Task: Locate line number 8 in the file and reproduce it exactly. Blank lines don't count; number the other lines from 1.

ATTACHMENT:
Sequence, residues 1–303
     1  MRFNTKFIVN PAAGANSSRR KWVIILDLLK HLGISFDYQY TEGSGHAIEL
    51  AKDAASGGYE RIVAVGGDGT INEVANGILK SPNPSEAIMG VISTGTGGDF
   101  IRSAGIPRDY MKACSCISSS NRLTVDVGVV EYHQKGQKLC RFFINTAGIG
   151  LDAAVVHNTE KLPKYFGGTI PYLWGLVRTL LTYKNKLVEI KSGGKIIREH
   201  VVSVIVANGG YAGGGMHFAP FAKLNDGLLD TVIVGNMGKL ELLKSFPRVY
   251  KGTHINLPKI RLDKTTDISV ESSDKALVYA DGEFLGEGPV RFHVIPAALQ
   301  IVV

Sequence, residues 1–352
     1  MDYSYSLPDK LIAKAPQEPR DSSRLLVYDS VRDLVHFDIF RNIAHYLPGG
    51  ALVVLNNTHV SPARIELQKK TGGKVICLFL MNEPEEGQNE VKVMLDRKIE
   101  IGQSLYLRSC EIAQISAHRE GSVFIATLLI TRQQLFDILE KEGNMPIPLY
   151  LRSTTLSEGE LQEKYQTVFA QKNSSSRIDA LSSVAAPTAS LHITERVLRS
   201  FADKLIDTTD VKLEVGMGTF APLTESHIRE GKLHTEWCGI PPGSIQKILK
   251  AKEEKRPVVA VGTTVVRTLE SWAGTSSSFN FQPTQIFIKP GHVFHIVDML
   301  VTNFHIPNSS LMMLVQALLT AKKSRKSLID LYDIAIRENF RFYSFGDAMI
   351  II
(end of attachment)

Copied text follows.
   301  IVV